Kurlantzick’s definition is: ‘any effort involving tools of influence’ that are not ‘coercive, covert and disinforming means of influencing other states.’ The emphasis here is on tools, not perception and apparently it can be anything that you want it to be. The author maintains that Chinese officials and academics use his definition. However, there is no evidence provided to support this claim. In actual fact, Chinese officials and academics generally adhere to Nye’s definition but question the weighting Nye, and international ranking agencies such as Portland Soft Power 30, place on western democratic values. However, Nye is virtually airbrushed out of the account, and is only mentioned three times in passing.
The “offensive”, according to Kurlantzick, is more about sharp power. Sharp power involves disinformation and is attributed by western analysts to authoritarian states. In the case of China, this takes many forms: from covert attempts to intervene in democratic elections; to the buying up of media outlets overseas by pro-China interests and subsequent editorial control over airing contentious issues such as Hong Kong, Xinjiang and the South China Sea; to incentives to foreign thought leaders to promote the CCP’s line, or support that is given to pro-China politicians. And because it is covert, it escapes attention. A number of the media organs mentioned in the book are located outside China. Significantly, a number of overseas media companies have been taken over by pro-Beijing interests, while many have succumbed to the financial lure of Chinese state advertorials.
Kurlantzick argues that both powers, soft and sharp, work together. Certainly, the regime in Beijing disputes its use of coercion and points the finger at foreign (i.e. US) misinformation and disinformation, a kind of diplomatic blame shifting game no doubt, and a ploy to show that strategic information warfare is not confined to authoritarian states. So-called colour revolutions incited by hostile western forces are often the subject of Chinese news services.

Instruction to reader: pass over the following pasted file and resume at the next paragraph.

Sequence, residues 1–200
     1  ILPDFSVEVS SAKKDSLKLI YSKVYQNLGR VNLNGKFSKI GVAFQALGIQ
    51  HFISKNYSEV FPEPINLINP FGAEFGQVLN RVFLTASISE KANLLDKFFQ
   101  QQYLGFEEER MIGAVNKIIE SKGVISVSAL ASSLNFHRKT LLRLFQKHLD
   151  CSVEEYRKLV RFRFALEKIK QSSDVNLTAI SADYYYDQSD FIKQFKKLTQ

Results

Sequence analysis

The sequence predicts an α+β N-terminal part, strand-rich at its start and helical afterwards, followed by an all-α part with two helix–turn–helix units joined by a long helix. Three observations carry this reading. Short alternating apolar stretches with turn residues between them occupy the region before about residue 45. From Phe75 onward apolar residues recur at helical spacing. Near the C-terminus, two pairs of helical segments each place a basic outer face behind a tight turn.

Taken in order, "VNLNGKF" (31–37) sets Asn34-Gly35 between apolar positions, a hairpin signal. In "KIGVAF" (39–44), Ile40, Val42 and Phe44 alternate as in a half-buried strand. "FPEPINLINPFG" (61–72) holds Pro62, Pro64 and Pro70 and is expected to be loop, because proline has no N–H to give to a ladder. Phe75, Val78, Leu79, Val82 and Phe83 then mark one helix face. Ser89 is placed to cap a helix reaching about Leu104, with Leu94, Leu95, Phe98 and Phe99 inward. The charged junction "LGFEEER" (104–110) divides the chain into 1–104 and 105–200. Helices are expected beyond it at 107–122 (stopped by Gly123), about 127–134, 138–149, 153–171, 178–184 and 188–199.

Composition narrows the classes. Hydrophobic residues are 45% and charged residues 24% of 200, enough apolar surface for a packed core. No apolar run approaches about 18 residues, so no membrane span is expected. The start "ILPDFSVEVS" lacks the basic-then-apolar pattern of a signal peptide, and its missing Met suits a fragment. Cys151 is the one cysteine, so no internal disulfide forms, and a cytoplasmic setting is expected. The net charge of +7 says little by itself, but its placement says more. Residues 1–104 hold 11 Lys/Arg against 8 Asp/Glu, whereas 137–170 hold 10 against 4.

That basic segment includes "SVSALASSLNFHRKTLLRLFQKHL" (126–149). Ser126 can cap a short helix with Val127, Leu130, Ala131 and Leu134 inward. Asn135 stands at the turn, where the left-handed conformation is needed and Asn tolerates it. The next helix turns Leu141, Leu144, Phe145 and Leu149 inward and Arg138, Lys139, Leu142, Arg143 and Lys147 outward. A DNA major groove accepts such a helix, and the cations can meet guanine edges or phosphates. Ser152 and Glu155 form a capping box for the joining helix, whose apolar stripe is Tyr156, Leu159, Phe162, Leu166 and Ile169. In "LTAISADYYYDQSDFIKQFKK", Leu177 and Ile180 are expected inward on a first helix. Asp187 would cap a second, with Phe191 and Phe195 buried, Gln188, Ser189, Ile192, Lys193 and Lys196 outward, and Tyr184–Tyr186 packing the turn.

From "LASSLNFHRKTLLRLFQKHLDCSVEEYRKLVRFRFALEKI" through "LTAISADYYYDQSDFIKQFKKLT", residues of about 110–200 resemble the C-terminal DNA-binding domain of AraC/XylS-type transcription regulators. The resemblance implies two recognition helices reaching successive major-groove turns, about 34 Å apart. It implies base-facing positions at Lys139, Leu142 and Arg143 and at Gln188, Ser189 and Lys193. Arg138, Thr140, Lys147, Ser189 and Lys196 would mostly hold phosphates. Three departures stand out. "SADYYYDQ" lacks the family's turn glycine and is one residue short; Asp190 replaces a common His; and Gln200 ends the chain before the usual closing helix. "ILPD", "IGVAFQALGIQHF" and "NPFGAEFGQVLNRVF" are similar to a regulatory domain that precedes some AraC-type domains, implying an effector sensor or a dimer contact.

Kurlantzick catalogues a range of media, for instance, Xinhua News Agency, The Global Times, China Daily; and television services such as China Global TV network (CGTN) and the digital service Star Times. Kurlantzick cites an anecdotal case that foreign guests on Chinese TV talk shows are carefully screened so that they don’t criticise the regime. It’s believable but surely more information is needed than just casual anecdotes.
Kurlantzick says that Chinese media have amplified Russian disinformation about Ukraine on their news services and contends that there has been a blackout about Ukraine. There is some truth here but it is far from the reality. I listen to CCTV news bulletins daily and have done so for the past two years since the crisis began. While giving greater credence to Russia, CCTV also provides a perspective from Ukraine. In the west we only see one side. The South China Morning Post, which Kurlantzick claims is “controlled” by Beijing according to a 2019 report, provides critical perspectives on the war, even criticizing China’s stance!
Kurlantzick talks about Beijing’s desire to “control the pipes”, referring to electronic distribution channels. The metaphor is simplistic. Many overseas Chinese subscribe to Chinese digital information services and have done so for the past two decades; they get their news direct without having to bother about local news services, which present limited news stories about China, or news that is negative. The book briefly examines popular messaging apps such as WeChat and Weibo that service the Chinese Diaspora and provides evidence from western studies that claim that these are monitored from China. But it doesn’t go beyond the obvious culprits. There are many examples that are conspicuous by their absence, for instance Reddit, and other Q&A forums, which have arguably more influence than traditional print media.
The book advances a compelling argument to see the Chinese government as directing an offensive, but in the interests of balance more could have been said about the relations between governments and media in the countries that are being infiltrated. Media in liberal democracies generally frame China in line with foreign affairs advice and currently China is framed as untrustworthy and threatening, a narrative that is stoking the embers of a new cold war.
The question for me, however, is: how can a book of such uneven quality pass peer review? The answer I guess is that even university presses have to make money.